Now to my credit, It was before dawn, all the stores were closed, and the traffic in the snowstorm was nil. It wasn't like I had a lot of options. By the time I figured out where I was it was beginning to get light out, the sunrise reflecting off the snow and making my limited sight worse. I did manage to find some numbers engraved on a doorway telling me the address where I was. With my frozen fingers I learned-Instead of letting me off at 400 west, the bus driver had let me off at 400 east. Over 8 blocks from where I needed to be.
A sighted person could have jogged that 8 blocks in about 5 minutes, but for me in the snow and unfamiliar territory it took me almost 3 hours to figure it all out, go in the right direction, and stay on track until I got to somewhere familiar.
When I showed up my feet were coated in snow because I was a desert girl, I didn't own boots, my whole body was one giant block of ice, and my boss was ready to fire me.
In hindsight I can see every moment I came to a decision and made the wrong one. Looking back I can tell I wasn't connected to anything real. Blinding snow flurries, Camouflaged buildings, and unfamiliar streets, but nothing that held real answers. Oh the answers were all around me, I just wasn't asking the right questions. Or, asking the right person.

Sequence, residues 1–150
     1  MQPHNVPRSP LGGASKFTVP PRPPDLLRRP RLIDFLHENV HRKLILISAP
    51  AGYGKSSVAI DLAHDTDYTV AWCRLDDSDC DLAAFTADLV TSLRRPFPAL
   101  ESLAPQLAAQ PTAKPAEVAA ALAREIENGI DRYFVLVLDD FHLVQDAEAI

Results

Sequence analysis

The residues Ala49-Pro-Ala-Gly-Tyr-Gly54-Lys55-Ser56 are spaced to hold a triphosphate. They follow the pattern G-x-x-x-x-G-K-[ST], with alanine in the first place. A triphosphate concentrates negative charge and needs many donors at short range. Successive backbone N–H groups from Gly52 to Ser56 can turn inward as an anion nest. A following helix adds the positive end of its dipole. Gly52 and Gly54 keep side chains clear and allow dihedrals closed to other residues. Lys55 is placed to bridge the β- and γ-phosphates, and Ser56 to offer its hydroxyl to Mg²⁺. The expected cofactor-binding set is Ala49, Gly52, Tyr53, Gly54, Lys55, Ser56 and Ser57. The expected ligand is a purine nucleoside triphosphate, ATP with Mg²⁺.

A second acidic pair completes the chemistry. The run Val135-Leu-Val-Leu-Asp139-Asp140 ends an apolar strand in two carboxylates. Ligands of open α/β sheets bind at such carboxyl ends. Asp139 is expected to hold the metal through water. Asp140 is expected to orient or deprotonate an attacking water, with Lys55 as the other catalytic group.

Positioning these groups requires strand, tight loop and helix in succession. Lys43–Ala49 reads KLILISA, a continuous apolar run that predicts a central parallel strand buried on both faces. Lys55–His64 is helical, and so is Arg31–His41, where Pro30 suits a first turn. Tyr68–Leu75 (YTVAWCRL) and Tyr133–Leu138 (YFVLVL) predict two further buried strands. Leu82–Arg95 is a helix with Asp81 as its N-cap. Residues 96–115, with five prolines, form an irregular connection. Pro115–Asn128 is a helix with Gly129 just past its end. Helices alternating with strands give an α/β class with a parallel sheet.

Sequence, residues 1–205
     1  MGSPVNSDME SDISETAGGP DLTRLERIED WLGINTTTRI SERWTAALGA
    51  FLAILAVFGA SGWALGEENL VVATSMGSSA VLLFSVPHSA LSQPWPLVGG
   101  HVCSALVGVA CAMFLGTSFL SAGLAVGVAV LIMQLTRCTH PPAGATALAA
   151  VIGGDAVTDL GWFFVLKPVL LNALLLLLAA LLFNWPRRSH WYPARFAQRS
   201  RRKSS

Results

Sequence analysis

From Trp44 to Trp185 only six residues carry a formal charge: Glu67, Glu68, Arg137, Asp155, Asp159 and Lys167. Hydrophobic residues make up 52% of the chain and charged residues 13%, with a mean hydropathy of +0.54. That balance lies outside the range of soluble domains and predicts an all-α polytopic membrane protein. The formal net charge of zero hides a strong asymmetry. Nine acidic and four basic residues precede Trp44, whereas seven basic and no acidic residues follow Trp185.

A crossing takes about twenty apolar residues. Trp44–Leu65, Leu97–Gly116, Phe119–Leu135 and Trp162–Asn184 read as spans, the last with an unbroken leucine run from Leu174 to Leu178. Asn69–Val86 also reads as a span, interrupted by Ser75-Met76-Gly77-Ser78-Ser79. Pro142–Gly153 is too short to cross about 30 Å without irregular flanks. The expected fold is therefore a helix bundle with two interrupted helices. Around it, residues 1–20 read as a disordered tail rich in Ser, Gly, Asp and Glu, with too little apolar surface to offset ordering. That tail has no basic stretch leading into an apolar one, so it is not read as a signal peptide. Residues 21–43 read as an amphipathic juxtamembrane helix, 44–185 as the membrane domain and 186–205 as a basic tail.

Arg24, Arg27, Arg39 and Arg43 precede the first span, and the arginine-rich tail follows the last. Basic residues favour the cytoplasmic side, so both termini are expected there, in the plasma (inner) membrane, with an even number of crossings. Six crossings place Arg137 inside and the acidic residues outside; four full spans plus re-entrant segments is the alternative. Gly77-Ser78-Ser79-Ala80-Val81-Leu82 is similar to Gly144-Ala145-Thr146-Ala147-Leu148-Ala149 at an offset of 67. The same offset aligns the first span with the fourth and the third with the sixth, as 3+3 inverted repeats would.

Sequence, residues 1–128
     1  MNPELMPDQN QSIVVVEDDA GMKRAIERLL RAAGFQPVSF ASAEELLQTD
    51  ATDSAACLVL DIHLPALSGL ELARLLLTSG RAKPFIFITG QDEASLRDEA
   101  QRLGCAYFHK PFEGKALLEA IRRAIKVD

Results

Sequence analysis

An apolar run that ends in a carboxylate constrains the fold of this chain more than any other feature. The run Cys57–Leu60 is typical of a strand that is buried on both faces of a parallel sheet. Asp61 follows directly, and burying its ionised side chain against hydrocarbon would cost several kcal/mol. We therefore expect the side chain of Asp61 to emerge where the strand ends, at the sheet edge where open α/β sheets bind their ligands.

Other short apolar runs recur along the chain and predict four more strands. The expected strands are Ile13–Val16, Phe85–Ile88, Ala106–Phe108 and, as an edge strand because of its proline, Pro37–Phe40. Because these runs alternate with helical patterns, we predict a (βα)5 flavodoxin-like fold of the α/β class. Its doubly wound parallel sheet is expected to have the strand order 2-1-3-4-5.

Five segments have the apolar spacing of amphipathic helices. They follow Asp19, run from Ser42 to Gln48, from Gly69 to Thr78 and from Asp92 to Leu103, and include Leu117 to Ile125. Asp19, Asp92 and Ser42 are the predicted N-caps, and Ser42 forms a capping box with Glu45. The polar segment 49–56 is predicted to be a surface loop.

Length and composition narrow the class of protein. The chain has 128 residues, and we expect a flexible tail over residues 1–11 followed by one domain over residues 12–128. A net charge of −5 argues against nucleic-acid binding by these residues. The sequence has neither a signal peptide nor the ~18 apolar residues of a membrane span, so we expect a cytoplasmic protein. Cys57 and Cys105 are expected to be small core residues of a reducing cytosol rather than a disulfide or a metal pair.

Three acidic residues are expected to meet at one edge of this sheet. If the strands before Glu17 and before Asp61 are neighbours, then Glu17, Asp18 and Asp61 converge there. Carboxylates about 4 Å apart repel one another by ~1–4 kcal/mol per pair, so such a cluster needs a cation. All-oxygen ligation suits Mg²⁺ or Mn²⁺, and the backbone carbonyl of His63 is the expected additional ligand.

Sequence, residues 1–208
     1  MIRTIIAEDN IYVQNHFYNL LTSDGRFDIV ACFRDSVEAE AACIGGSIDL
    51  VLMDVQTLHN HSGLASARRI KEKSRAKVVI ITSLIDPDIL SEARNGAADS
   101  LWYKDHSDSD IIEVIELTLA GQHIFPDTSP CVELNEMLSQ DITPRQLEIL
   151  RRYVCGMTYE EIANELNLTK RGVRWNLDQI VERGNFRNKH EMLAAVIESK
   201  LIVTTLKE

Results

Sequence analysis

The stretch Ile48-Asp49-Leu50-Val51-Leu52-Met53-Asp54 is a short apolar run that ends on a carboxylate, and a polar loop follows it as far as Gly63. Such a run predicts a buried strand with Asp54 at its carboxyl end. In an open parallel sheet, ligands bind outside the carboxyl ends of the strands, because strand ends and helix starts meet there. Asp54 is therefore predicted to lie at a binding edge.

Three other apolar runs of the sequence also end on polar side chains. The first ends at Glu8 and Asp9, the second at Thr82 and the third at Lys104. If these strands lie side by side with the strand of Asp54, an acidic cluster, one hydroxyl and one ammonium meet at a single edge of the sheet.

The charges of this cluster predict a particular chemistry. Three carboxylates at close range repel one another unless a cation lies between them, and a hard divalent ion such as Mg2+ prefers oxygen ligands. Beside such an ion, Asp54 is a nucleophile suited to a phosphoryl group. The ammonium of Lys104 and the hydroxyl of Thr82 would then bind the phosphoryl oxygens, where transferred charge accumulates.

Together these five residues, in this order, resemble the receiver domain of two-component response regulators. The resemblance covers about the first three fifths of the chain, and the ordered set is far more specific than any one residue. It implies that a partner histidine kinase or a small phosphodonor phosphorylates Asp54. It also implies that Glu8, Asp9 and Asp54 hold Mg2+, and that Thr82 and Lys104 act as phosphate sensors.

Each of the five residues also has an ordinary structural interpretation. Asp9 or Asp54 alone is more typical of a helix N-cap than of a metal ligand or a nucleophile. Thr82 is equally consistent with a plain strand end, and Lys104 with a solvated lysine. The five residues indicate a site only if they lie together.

When I finally prayed with every breath I took, I was led to my destination. Maybe if I'd of had access to google instead of God I could have found answers. The truth though is:
Even with modern technology, satellites, and the internet, I would still have had to trust my connection with The One who could see everything to get me down the road.
My son likes to tell me I ask too many questions now. Where are you going, How long will you be gone, Who are you going to be with? I learned though, if you aren't connected with the people who love you and want your success, you might as well wander alone in a snowstorm.
I'm not great with the computer, but I enjoy being able to connect with people via, facebook, twitter, and my blogs. When it all comes down to it though, I never feel better than when I turn the computer off and find solace to connect with God. Plus its mush simpler, I don't have to remember to include .com.